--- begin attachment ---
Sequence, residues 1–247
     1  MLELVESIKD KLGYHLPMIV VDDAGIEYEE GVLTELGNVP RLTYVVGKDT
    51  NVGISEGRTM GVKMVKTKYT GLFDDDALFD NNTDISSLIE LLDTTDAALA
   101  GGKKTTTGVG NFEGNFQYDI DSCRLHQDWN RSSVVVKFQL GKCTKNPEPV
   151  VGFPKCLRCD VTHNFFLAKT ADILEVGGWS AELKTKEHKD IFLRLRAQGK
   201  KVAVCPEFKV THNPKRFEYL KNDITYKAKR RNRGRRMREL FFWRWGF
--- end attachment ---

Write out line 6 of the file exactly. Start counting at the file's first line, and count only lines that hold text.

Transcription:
   201  KVAVCPEFKV THNPKRFEYL KNDITYKAKR RNRGRRMREL FFWRWGF